Don’t let the weather fool you, starting now could cause more harm then good once the lawn is actually ready to wake up. Allowing your lawn and garden to wake up on its own – gradually, is the best thing for it. Starting to soon can end up killing new shoots, cause flowers to bloom to soon (leaving them dead when you want them most!) and opening the door up to fungus and diseases.

When should you consider starting your lawn work?

Normally April-May are the best months for our area. It differs though from year to year – February is definitely way to early to start lawn maintenance.

What should I start with when it is time?

Raking. Clear out the left over leaves from Fall, give the lawn a good raking. This will provide a small amount of de-thatching and help new blades get oxygen & sunlight. You may want to consider a sprint aeration service or professional de-thatching service as well.

Get your soil pH tested.

The second step I would recommend is to get a soil pH test from a local garden center / home improvement store. They normally cost around $8.00 – $10.00 and give you valuable information regarding the condition of your soil. Poor soil returns poor lawn grass, so don’t under estimate this step. We also provide soil testing services that get returned with documents that explain all recommended fertilizer applications – which really helps put you a step ahead for spring maintenance.

View a complete list of our available services at www.blaircountylawnservice.com/services/

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Add a Decorative Waterfall..

To enjoy your yard to the fullest, consider adding a decorative water feature. Fountains, ponds, and waterfalls are a wonderful way to add a focal point and dimensionality to your yard.

You can create a pond kit yourself or call a professional landscaping company to assist with the project. You can add lights, decorative stones or yard art as well as waterfalls or tiered pools to create a flowing water effect.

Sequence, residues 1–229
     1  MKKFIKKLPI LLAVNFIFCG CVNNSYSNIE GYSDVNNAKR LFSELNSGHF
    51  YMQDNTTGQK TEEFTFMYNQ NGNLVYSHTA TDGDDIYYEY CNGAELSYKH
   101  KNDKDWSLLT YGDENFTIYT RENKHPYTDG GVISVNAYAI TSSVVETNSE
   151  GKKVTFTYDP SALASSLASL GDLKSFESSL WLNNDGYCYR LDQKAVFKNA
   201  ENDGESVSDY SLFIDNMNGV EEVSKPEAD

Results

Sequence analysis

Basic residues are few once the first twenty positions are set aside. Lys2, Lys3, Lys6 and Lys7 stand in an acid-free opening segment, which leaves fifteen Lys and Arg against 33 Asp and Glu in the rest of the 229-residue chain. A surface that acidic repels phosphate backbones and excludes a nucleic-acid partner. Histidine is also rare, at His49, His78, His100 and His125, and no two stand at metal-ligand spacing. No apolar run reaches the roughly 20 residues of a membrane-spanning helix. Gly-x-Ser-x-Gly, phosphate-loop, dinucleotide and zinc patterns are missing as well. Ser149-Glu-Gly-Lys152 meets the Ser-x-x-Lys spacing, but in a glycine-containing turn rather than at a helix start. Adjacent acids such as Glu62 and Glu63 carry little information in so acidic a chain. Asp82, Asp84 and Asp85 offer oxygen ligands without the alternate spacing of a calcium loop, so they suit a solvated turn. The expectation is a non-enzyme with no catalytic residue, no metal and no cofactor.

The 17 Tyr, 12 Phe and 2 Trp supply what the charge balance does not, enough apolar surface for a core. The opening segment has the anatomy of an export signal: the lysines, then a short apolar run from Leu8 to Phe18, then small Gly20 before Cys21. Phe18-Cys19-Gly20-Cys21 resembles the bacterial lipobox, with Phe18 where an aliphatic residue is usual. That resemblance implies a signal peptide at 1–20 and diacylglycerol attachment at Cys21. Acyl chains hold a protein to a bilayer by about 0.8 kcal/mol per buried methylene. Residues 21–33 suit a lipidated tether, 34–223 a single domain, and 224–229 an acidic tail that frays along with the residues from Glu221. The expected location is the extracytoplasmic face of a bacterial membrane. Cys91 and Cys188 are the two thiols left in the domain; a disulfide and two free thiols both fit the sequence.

Back Yard Farmers

Anders Gurda hops off his bike at various backyards in Minneapolis, grabs his garden tools and starts weeding.

When he’s done checking for garden pests, adjusting the irrigation system and harvesting the vegetables (which he puts in the home’s refrigerator or cooler), he cycles to his next plot and starts over.

He’s an urban backyard farmer, one of a growing breed throughout the country thanks to programs like Minnesota’s Backyard Harvest.

”It’s like having a CSA (community-supported agriculture program) in your own backyard, and you’re supporting a farmer without a farm,” Gurda said.

The goal of Backyard Harvest, said coordinator Krista Leraas, is to encourage the growing of local foods. The group, under the nonprofit umbrella organization Permaculture Research Institute, is in its second year. Although it is rare in operating as a nonprofit, dozens of programs with similar missions have sprung up around the country and worldwide.

In Portland, Ore., a group called Your Backyard Farmer began in 2006 when Donna Smith and Robyn Streeter were growing weary of driving through the city’s outskirts looking for affordable land to farm. The thought struck them: ”Why aren’t we bringing food to the people?”